The subject of the materia medica is an extensive one, and the text-books contain many things that the physician does not need to know. He need not learn the pharmacopeial definition, where and how a drug grows, the method of its collection, its physical and microscopic characters, its preparation for the market, its adulterants, the process of manufacture of chemic drugs, the shapes of crystals, melting-points, etc. Such data are for the pharmacist, the chemist, and the pharmacognosist, the men upon whom the physician must depend for his proper supply of good drugs.

But as physicians we need to know the following:

1. The English and Latin names of drugs and their preparations

In prescriptions we use the Latin names only, but in the literature find both the English and the Latin, so we must know both. We learn, therefore, that ficus is fig, and zingiber is ginger, and rhamnus purshiana is cascara, and mistura cretae is chalk mixture. (See also Use of Latin in chapters on Prescription-writing.)

2. The Active Constituents Of Organic Drugs

Of particular importance are those active constituents which are isolated from the drug and used by themselves in medicine, as morphine, strychnine, salicin, menthol, etc., or those which make undesirable incompatibles, as tannic acid.

3. The solubilities and incompatibilities of chemic drugs and of active constituents

3. The solubilities and incompatibilities of chemic drugs and of active constituents, where these become of importance from a prescription or utility point of view.

4. Preparations, With Their Strengths And Doses

These are the official preparations, and such unofficial ones as are in common use. To know at least some of them is essential to the writing of prescriptions, for not only are the official preparations the ones that are made of uniform strength throughout the United States, but they are the forms in which a remedy can be conveniently obtained.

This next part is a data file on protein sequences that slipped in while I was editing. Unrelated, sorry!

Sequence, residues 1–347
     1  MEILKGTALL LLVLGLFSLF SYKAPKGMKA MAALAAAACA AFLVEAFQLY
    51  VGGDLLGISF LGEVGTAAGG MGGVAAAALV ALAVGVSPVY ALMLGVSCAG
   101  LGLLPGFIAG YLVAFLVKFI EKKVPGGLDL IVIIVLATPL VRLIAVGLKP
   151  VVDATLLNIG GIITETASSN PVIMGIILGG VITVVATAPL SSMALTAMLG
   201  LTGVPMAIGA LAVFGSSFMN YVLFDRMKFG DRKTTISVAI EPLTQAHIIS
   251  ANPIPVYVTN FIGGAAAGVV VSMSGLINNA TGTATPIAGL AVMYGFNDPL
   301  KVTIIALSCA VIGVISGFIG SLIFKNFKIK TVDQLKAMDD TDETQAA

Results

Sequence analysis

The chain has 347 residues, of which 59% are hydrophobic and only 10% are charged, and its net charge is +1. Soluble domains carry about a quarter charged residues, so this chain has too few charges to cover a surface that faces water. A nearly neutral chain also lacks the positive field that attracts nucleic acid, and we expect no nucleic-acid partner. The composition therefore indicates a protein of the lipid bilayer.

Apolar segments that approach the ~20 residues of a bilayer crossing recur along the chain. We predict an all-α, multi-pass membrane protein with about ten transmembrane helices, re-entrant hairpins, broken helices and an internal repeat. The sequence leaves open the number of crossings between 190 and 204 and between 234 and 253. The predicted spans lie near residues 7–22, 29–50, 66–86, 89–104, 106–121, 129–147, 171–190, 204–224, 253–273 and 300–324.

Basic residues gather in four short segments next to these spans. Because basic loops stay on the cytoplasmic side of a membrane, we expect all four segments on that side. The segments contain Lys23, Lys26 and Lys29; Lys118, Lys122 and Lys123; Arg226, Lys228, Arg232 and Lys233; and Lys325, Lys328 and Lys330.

The average dose is given in the Pharmacopoeia, and this, in most instances, is the dose to learn; and since what is desired for the patient is a therapeutic dose of the drug itself, the dose of the preparation should be such an amount as will represent the desired dose of the drug. The learning of doses is greatly facilitated by the pharmacopeial custom of having one strength for all the more powerful preparations of a given class. For example, all fluidextracts are of 100 per cent. strength; therefore their dose is that of the drug, but in liquid measure, i. e., each cubic centimeter is equivalent to one gram of the drug. All potent tinctures are of 10 per cent. strength, so their dose is 10 times that of the fluidextract. Most extracts approximate 5 times the strength of the drug, hence have a dose of one-fifth as much. For preparations, therefore, the doses do not have to be carried in mind as separate things, but can be instantly calculated from the percentage strength if the dose of the drug itself is known. On account of pharmacopeial uniformity, the percentage strength is easily learned, as shown above. As an example, take the preparations of digitalis; if the dose of digitalis is taken as 1 grain (0.06 gm.), that of the fluidextract is 1 minim (0.06 c.c), that of the 10 per cent. tincture is 10 minims (0.6 c.c), and that of the 1.5 per cent. infusion is 67 minims, or approximately 1 dram (4 c.c). These amounts of the specified preparations each represent the dose of 1 grain of digitalis.

5. Pharmacologic Action

How the drug acts. This includes the expected or usual action and any unusual actions, from both therapeutic and toxic amounts.

6. Toxicology

The symptoms and treatment in case of poisoning.

7. Therapeutics

An extensive subject of immediate practical importance to every physician, to be studied in a general way with pharmacology, but to be studied in greater detail in connection with the individual diseases. It is in therapeutics that there is so much of the traditional, the old-fashioned, the empiric; and the crying need of the medical profession is that drug therapeutics shall be based directly upon thorough pharmacologic knowledge tried out by clinical tests.

8. Administration

How best to prescribe or administer the remedy.

9. Cautions And Contraindications

Conditions in which the drug is dangerous, or may be prescribed only with special caution.

Indication is a term used in medicine for the kind of treatment "indicated" or "pointed out" by the symptoms or disease of the patient. We say, for example, that "the indications in such a sickness are that the patient shall remain in bed, on a milk diet, and shall have a dose of calomel." Or, to put it in another way, we say that "rest in bed, a milk diet, and calomel are indicated," i. e., "pointed to" by the symptoms as the means of treatment to be employed. Contraindication has the opposite meaning; it is a condition in which the drug should not be employed.